Photographer Shuchang Dong has just been announced as the Overall Winner of the Royal Observatory Greenwich’s title
Astronomy Photographer of the Year 13, with his astounding image of the annular solar eclipse, 'The Golden Ring'.
The beauty of simplicity and the technical excellence of Dong’s image spellbound the judges. The photograph depicts the annular solar eclipse that occurred on 21 June 2020 in a powerful and atmospheric composition. Competition judge László Francsics said: “Perfection and simplicity... lead to a winner image. A true masterpiece.”
Winning images from other categories and special prizes include the mesmerising Aurora dance taken from the bridge of a ship by the Third Officer Dmitrii Rybalka (Russia), Venus rising over the rocky horizon of the Moon by Nicolas Lefaudeux (France), a poignant star trail image taken during lockdown by Deepal Ratnayaka (UK), and the outstanding image of the Space X Falcon 9 rocket passing the Moon by Paul Eckhardt (USA).
15-year-old Zhipu Wang (China) is taking home the top prize in the Young Competition category for his astonishing composition of the Sun, the Moon and the planets of the Solar System.
BBC Sky at Night Magazine’s Art Editor Steve Marsh, who is also a judge for the competition, said of this year’s contest: “The incredibly talented global community of astronomers has once again shown us just what they are capable of. From stunning new takes on our own Solar System to new views of our Galaxy and the wider Universe and poignant reflections of our place in the cosmos.”
An exhibition of winning photographs opening at the National Maritime Museum on 18 September 2021. Take a look through some of the fabulous winning images in our special gallery:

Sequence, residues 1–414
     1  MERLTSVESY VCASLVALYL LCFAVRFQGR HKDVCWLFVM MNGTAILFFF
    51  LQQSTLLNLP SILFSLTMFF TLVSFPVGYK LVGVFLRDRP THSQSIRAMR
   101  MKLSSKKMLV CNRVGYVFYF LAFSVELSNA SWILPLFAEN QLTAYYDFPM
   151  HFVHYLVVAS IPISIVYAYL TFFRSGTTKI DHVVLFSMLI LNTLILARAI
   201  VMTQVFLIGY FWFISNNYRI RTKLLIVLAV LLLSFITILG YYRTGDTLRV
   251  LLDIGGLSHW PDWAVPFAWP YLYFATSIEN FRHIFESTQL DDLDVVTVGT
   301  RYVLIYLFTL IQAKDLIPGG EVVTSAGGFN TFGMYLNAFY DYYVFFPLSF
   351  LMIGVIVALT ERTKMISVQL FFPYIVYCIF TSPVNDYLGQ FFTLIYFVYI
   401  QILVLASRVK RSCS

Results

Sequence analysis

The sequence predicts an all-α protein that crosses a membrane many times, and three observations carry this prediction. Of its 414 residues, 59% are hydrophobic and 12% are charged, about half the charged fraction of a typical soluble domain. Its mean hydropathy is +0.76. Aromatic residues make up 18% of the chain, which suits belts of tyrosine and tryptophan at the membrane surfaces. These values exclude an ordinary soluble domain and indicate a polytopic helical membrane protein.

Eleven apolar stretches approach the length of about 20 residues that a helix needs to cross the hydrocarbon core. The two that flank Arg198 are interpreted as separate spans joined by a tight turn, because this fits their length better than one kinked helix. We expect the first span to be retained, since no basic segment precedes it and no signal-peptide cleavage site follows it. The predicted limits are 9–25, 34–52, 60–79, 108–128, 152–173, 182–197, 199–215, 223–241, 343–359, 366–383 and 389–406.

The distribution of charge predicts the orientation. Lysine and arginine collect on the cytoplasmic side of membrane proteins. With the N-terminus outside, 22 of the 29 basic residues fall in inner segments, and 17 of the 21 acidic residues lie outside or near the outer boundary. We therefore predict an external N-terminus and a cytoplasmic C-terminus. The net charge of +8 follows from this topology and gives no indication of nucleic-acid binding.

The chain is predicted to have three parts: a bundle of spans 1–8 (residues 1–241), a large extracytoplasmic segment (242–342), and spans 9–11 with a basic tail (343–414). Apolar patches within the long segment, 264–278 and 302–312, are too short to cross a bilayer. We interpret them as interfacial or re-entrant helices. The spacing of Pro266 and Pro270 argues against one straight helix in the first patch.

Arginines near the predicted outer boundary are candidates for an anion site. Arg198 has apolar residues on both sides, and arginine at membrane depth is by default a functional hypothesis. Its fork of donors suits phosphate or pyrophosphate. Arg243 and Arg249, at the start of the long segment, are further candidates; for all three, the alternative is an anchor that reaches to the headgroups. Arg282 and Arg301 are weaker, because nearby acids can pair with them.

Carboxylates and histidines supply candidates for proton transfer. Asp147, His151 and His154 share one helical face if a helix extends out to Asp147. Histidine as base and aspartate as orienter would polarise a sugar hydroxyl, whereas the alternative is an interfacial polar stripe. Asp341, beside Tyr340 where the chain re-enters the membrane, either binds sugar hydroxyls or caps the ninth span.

Overall winner On 21 June 2020 there was an annular solar eclipse and the photographer made sure not to miss it. He decided to go to Ali in Tibet to shoot it because it has year-round sunny weather. However, during the annular eclipse, there were dark clouds all over the sky. The anticipation was high but within a minute of the annular eclipse, the sunshine pierced through the clouds and the photographer was lucky to capture that moment. Afterwards the Sun disappeared again. Photo by Shuchang Dong/Astronomy Photographer of the Year Check out our 2021 solar eclipse gallery here. Aurora category winner As Third Officer, the photographer was keeping watch that night on the bridge of the ship when he noticed in the sky a tiny white band approaching like a snake. He had a feeling that there was something in the air, that something great would happen and instantly knew that this was what he was waiting for. He took his camera, went to the bridge wing, took position and started waiting. A few minutes later, the sky was full of bright green lights dancing in darkness and shining over everything on their way. Photograph taken on the approach to the Kara Strait, Russia, 30 November 2020. Photo by Dmitrii Rybalka/Astronomy Photographer of the Year People and space category winner With the UK being in full lockdown and travel restricted for many months due to the pandemic, astrophotography became the photographer’s focus. This photo sums up the year 2020, cramped but hopeful. The photographer’s six-year-old daughter, who is always very interested in the photoshoots, was around during the set up. Sat by the door, she was showing the stars appearing one by one in the sky to her soft toy Max, and this gave the photographer the perfect opportunity to get her in the frame which complimented the message behind the photo. Photographed at Windsor, Berkshire, UK, 20 & 21 January 2021 . Photo by Deepal Ratnayaka/Astronomy Photographer of the Year Stars and nebulae category winner The California Nebula, otherwise known as NGC 1499, was captured over seven nights in 2021 using broadband and narrowband filters, with a total integration time of 16.1 hours. This emission nebula is around 100 light-years long and 1,000 light years away from Earth. It is named California Nebula because it appears to resemble the outline of the US State of California. The raw data was pre-processed and the stars were removed using a tool called Starnet, then later replaced during post-processing with the more naturally coloured stars from the RGB (red, green, blue) data. While the colours in this image are not the true colours, the narrowband filters reveal much more of the hidden gasses not visible in a broadband image. Photographed at Whitewater, Colorado, USA, 16–31 January, 6 and 28 February, 2 March 2021 . Photo by Terry Hancock/Astronomy Photographer of the Year Skyscapes category winner The smouldering crescent Moon floats in an ocean blue atmosphere above quiet, glowing dunes of sand and the red of the sunset has faded into the blue twilight. The photographer hiked deep into the dunes and eventually found the foreground he had imagined for this shot. Once everything was assembled, he looked up and there hung a shining sliver of a crescent moon outlining its dark but visible face. This HDR/perspective blend integrates four images, all shot that evening with the same lens, and from the same tripod location. The images were combined in Photoshop and together they effectively replicate the sublime scene the photographer witnessed that evening. Photographed at Death Valley National Park, California, USA, 25 February 2020 . Photo by Jeffrey Lovelace/Astronomy Photographer of the Year Galaxies category winner An expanse of cosmic dust, stars and nebulae along the plane of the Milky Way galaxy form a magnificent ring in this image. The panorama covers the entire galaxy visible from planet Earth. It is an ambitious 360° mosaic that took the photographer two years to complete. Northern hemisphere sites in China and southern hemisphere sites in New Zealand were used to collect the image data. Like a glowing jewel set in the Milky Way ring, the bulge of the galactic centre is at the very top. The bright planet Jupiter is the beacon just above the central bulge and to the left of the red giant star Antares. Along the plane and almost 180° from the galactic centre at the bottom of the ring is the area around Orion. The ring of the Milky Way encompasses two notable galaxies in the southern skies, the Magellanic Clouds. Photographed at Sichuan, Qinghai, China, and Lake Pukaki, New Zealand, January to February 2020 and August 2020–January 2021. Photo by Zhong Wu/Astronomy Photographer of the Year Annie Maunder Prize for Image Innovation Joint winner High clouds on Jupiter create intricate and beautiful shapes that swirl all over the planet. In order to get a colour image when there are only three colour channels (red, green, blue), some sort of filter-to-channel mapping must be done. PixInsight was used for the rest of the processing: custom white balance, deconvolution and wavelet transformation for detail enhancement, contrast and saturation curves. The areas corresponding to the poles were too bright and distracting so they were darkened by colour masking. Photo by Sergio Diaz Ruiz/Astronomy Photographer of the Year Annie Maunder Prize for Image Innovation Joint winner The Cassini missions brought back some astounding imagery of our Solar System. The photographer used a selection of the CICLOPS team’s photographs of Saturn to create this piece. The patterns formed by Saturn, its rings and its moons are truly magnificent. The photographs have echoes of architecture, nature, art and design, and are just as artistically inspirational as they are crucial for scientific study. The photographer edited several spectacular images before ordering the photographs into a grid pattern and assembled them in this particular way to have remnants of familiar and stable imagery, but in a fractured and disrupted way with undertones of science fiction symbolism. Photo by Leonardo Di Maggio/Astronomy Photographer of the Year Check out some more of our great image galleries: Overall youth category winner This is an image of the Sun, the Moon and the planets of the Solar System (except Earth) taken during the year of the rat in China. In this special year, the photographer felt very lucky to produce the images of these celestial bodies and for a student who has only practiced astrophotography for one year it was a great accomplishment. Photographed at Yongtai, Fujian, China, 14 August 2020 to 21 January 2021 . Photo by Zhipu Wang/Astronomy Photographer of the Year The Manju Mehrotra Family Trust prize for best newcomer category winner Four hours before the Falcon 9 launch, the photographer downloaded the Photo Pills app, subscribed to flightclub.io and started an intensive research to understand both applications and pinpoint a location where the flight arc would overlap the Moon. When the photographer arrived at the launch location, he was blocked by a gate and ended up on a different dark road with trees blocking the launch pad. After making a quick calculation, he parked and ran a hundred feet in the dark and then the sky lit up as Falcon 9 soared straight up, tilted over, and aimed right at the Moon. Photographed at Titusville, Florida, USA, 4 February 2021 . Photo by Paul Eckhardt/Astronomy Photographer of the Year Our Moon category winner In a perspective reminiscent of the Apollo missions, the lunar horizon is crowned with a planet crescent. However, this is not Earth rising above the Moon captured by a probe orbiting our satellite, but Venus just before it gets occulted by the Moon, as observed from Earth in daylight on 19 June 2020. The rocky horizon of the Moon appears very dark in contrast with the gleaming crescent of the planet enshrouded by white clouds. Photographed at Forges-les-Bains, Île-de-France, France, 19 June 2020 . Photo by Nicolas Lefaudeux/Astronomy Photographer of the Year Planets, comets and asteroids category winner The photographer was shooting with two other friends on that cold January evening. They weren’t planning to capture meteors but distant galaxies and nebulas. After setting up the camera to shoot the Leo Triplet galaxies, the photographer and his friends saw a bright green meteor burning right before their eyes as it tore through Earth’s atmosphere. They were all in awe of witnessing a fireball meteor. After they caught their breath, one of the friends mentioned that the photographer’s camera was pointing in the comet’s direction, but the photographer thought there was no way he could have caught it as he had zoomed all the way in. Once he checked his camera there it was, perfectly framed. The photographer had made a mistake and the lens wasn’t zoomed in, making the perfect composition for the meteor. This incredible image was a happy accident. Photographed at Cook Station, Missouri, USA, 19 January 2021 . Photo by Frank Kuszaj/Astronomy Photographer of the Year Check out some more of our great galleries: